Sure He’s Unknown, but It Doesn’t Mean He’s Not Rock Solid

The only thing wrong with Derek Smith, Michael Jordan says, is that nobody knows about him. Nobody knows what a super basketball player he is. Nobody knows that “Derek Smith is the most underrated player in the NBA.”

Derek Smith thinks he knows what is wrong. Never mind that he is averaging 25 points a game for the Clippers. Never mind that he has just been named the 1985-86 season’s first player of the week. He knows why nobody knows about him.

It’s that name.

Julius Erving, Kareem Abdul-Jabbar, Earvin (Magic) Johnson, World B. Free-- those are names people remember.


“I’m up in Sacramento for the first game of the season, standing in the airport,” Derek Smith said. “This guy runs up to me and whips out his California driver’s license and shows me his name: ‘Derek Smith.’ Spelled exactly the same.

“It’s just not that unusual a name. I’ve got to get me another one.”

Some of the guys on his team call him Rock. Rock Smith. A good, solid name for a good, solid man.

Norm Nixon, his partner at guard with the Clippers last season, started calling him Rock because of his body, which is so hard and muscular that everybody takes Derek Smith for granite.

Now, when the Clippers play home games at the Sports Arena, Smith occasionally hears fans chanting: “Rock! Rock!” He said he likes that a lot.

For years, this capable and personable person has received almost no attention at all. Even a year ago, when he made the highest vertical jump ever seen on paper--9.8 points a game to 22.1--Smith’s spectacular improvement from the previous season seemed to catch no one’s eye.

The first time rookie of the year Michael Jordan of the Chicago Bulls came to the Clipper gym, Smith outplayed him most of the night. With time running out, though, Jordan got a breakaway that could have won the game, so Smith practically tackled him to stop him. Jordan flung the ball at the hoop, and it went in.

The Clippers lost, and the only reason anybody wanted to talk to Smith after the game was to ask him about fouling Jordan.

But Jordan has not forgotten how the rest of that game went. Last week, when the Bulls were in town, Jordan made a point of saying: “Derek Smith is the most underrated player in the NBA. I predict he’ll make the All-Star team this year. He’s got all the tools to be a great player, except for one.”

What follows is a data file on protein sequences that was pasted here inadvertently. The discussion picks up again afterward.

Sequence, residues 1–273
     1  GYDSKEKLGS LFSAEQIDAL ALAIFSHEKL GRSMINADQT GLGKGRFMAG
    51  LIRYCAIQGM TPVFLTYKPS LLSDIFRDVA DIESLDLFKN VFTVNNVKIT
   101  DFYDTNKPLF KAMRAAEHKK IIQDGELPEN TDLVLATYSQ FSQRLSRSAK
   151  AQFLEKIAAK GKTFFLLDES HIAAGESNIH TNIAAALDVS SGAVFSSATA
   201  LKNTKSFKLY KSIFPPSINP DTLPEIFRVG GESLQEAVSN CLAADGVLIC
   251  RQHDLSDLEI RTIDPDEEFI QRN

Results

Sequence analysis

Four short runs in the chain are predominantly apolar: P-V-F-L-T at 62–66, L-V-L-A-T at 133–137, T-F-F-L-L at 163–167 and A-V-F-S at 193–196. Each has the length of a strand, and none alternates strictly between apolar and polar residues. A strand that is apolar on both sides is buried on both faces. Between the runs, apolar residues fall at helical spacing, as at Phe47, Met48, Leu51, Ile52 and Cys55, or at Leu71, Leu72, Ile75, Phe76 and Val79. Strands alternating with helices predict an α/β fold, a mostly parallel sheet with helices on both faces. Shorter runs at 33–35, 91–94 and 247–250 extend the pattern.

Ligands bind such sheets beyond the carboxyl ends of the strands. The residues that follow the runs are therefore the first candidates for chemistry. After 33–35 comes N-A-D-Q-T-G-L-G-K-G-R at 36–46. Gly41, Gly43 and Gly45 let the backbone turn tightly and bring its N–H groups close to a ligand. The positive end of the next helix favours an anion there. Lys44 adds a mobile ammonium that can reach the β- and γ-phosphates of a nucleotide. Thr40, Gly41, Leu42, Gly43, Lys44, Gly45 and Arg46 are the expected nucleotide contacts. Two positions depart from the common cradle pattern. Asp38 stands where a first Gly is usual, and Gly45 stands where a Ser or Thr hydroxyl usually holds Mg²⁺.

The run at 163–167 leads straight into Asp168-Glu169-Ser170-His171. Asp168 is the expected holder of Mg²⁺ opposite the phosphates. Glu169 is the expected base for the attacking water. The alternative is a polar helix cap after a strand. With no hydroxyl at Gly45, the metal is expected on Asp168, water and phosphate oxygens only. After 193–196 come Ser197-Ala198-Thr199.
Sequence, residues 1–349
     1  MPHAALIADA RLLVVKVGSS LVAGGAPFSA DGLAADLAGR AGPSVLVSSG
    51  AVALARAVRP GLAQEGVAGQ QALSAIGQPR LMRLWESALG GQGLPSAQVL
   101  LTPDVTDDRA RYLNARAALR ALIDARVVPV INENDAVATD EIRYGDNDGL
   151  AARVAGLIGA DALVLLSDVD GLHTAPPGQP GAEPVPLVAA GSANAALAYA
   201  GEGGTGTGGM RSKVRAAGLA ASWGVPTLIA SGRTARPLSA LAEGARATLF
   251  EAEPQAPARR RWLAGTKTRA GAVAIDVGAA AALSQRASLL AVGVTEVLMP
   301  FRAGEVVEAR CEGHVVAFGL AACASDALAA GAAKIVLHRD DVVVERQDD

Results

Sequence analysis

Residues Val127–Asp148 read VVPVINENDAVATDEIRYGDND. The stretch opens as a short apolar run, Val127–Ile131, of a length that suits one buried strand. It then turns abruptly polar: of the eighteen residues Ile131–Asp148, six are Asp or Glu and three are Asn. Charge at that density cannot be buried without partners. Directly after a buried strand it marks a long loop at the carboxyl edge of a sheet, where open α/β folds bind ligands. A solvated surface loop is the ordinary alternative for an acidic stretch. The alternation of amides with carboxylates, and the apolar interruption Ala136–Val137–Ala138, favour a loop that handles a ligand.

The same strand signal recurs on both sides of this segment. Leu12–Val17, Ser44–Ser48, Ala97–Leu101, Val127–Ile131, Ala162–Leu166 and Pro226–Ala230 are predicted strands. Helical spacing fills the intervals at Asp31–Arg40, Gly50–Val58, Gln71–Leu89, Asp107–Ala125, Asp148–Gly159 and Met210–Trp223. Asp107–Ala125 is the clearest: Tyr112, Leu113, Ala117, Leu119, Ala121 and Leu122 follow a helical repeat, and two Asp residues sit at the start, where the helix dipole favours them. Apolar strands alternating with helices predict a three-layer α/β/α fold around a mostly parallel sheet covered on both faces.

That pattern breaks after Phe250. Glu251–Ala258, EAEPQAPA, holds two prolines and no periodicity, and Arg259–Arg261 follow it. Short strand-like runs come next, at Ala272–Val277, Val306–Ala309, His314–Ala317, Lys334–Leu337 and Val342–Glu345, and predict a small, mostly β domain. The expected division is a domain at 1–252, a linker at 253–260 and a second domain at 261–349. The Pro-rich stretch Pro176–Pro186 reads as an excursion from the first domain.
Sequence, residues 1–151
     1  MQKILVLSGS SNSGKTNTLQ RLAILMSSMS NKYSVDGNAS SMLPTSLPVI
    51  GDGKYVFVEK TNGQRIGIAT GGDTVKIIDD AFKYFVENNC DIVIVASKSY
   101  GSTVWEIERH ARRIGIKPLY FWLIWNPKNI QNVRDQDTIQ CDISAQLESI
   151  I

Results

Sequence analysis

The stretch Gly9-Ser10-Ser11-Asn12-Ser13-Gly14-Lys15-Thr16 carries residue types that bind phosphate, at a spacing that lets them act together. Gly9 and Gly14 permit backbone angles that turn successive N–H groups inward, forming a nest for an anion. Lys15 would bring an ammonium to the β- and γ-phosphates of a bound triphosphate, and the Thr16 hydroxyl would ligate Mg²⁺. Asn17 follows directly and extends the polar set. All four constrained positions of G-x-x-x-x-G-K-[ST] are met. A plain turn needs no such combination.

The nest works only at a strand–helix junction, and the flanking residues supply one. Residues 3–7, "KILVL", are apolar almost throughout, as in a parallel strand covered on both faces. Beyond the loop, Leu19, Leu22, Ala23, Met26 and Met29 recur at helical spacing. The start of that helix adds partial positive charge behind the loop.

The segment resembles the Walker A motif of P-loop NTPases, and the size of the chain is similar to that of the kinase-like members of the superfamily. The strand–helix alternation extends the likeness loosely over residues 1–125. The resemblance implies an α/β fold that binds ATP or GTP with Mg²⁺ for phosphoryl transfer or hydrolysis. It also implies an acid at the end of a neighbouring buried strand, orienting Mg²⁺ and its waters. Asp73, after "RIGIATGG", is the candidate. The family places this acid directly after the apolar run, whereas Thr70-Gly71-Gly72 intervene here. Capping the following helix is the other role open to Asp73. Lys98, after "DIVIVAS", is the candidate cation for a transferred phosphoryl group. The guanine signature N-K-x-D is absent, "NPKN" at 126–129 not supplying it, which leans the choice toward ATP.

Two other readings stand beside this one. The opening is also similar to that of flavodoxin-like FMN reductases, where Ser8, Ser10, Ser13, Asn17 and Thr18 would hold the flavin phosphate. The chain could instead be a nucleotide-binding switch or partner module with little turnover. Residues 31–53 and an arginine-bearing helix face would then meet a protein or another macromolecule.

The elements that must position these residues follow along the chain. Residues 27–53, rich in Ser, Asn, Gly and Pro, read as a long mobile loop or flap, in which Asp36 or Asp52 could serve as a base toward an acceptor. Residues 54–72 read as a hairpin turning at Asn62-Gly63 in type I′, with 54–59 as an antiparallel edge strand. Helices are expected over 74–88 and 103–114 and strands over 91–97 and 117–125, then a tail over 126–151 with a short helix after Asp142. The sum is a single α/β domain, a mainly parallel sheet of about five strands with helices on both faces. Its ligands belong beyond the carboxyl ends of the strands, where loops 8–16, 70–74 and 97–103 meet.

“Which one?” someone asked.

“He doesn’t have any media attention,” Jordan said.

Maybe it is the name. Maybe “Rock” Smith would have made the headlines long before Derek. Or maybe it is because in his two-lane hometown, Hogansville, Ga., the sportsmanlike coach of the team, John Penland, thought it best that every player share the playing time and share the shots--"even though I probably could have scored 50 points a game,” Smith remembers.

Or maybe it was because his NCAA champion college team, Louisville, surrounded him with Darrell (Dr. Dunkenstein) Griffith, a superstar; Scooter and Rodney McCray, a famous brother act, and Wiley Brown, a man who played with a missing thumb.

“If I’d played with one thumb, maybe someone would have noticed me,” Smith said.

Pro ball did not bring him any new publicity. Those master judges of talent, the Golden State Warriors--who have given up on Bernard King, Robert Parish, Jamaal Wilkes, Gus Williams, Micheal Ray Richardson, Rickey Green, Lewis Lloyd and World B. Free, among others--chose the 6-6 Smith as the 35th pick of the 1982 draft and immediately turned him into a power forward. Derek Smith belongs at power forward the way Maurice Lucas belongs at point guard.

When he couldn’t cut it there in the 154 minutes they let him play, the Warriors cut him. For five days he was out of work, until Coach Jim Lynam of the Clippers offered him a new position--literally. At guard, he averaged 9.8 points his first full season, then a startling 22.1 in 1984-85.

“I didn’t realize just how many good players there were that Golden State gave up on,” Smith said Tuesday. “My advice to (contract holdout) Chris Mullin or to anybody else in that organization is: ‘Don’t worry. There are better days ahead.’ ”

Looking back on his own situation, Smith said: “The last two years have been like a dream. I never looked at myself as an NBA starter, much less a star. I always compared myself to a Michael Cooper, to a guy who’s willing to stick around and do the hard things, like taking the charges and playing good defense. I never have had the freedom to be creative, even in high school.

“My high school coach believed in equal time, equal shots. My first year of college, all I did was shoot, but my second year, the coach said, ‘Go get the rebounds,’ and that’s what I did after that. I didn’t mind. I thought it was right for the team.”

Then Golden State misused him and disposed of him. He was out of the NBA. “I felt like a man with a terminal illness.”

Not anymore. Last week, he celebrated his 24th birthday in style, leading the Clippers to wins in their first five games and winning the week’s top player honor.

“I’ve been thinking about that,” he said. “That means for one week, at least, I had the distinction of being the best basketball player in the world.”

If no one had called when Golden State let him go, Smith said he might have gone back to school, earned a teaching degree and worked as a coach. He said he would have handled players just as does John Penland, who is still coaching in Hogansville and who talks to Smith all the time.

In January, when the Clippers go to Atlanta, Smith has promised to drive his teammates to Hogansville.

“They want to see if they can survive the frantic, hectic pace of 2,500 laid-back Southern people in a town with one traffic light,” he said.

Hogansville’s hero is coming home. Nobody there calls him Rock.